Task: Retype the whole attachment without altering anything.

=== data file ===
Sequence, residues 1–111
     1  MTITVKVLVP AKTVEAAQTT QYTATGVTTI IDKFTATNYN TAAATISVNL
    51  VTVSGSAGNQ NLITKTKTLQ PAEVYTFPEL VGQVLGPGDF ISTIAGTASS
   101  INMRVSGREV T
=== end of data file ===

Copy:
Sequence, residues 1–111
     1  MTITVKVLVP AKTVEAAQTT QYTATGVTTI IDKFTATNYN TAAATISVNL
    51  VTVSGSAGNQ NLITKTKTLQ PAEVYTFPEL VGQVLGPGDF ISTIAGTASS
   101  INMRVSGREV T